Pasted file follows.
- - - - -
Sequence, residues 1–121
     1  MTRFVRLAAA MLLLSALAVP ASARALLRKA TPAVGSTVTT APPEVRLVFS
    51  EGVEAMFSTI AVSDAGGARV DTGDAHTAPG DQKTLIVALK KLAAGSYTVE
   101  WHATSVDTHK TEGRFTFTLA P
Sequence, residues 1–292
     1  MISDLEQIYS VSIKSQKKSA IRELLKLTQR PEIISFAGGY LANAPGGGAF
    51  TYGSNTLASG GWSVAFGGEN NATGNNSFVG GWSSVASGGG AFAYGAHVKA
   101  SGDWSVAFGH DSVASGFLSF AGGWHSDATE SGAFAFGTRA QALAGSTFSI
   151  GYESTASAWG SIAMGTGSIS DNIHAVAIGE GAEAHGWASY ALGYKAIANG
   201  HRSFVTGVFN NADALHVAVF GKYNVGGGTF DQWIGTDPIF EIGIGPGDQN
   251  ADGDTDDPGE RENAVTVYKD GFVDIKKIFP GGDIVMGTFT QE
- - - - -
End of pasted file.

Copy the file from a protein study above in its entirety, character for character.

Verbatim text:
Sequence, residues 1–121
     1  MTRFVRLAAA MLLLSALAVP ASARALLRKA TPAVGSTVTT APPEVRLVFS
    51  EGVEAMFSTI AVSDAGGARV DTGDAHTAPG DQKTLIVALK KLAAGSYTVE
   101  WHATSVDTHK TEGRFTFTLA P
Sequence, residues 1–292
     1  MISDLEQIYS VSIKSQKKSA IRELLKLTQR PEIISFAGGY LANAPGGGAF
    51  TYGSNTLASG GWSVAFGGEN NATGNNSFVG GWSSVASGGG AFAYGAHVKA
   101  SGDWSVAFGH DSVASGFLSF AGGWHSDATE SGAFAFGTRA QALAGSTFSI
   151  GYESTASAWG SIAMGTGSIS DNIHAVAIGE GAEAHGWASY ALGYKAIANG
   201  HRSFVTGVFN NADALHVAVF GKYNVGGGTF DQWIGTDPIF EIGIGPGDQN
   251  ADGDTDDPGE RENAVTVYKD GFVDIKKIFP GGDIVMGTFT QE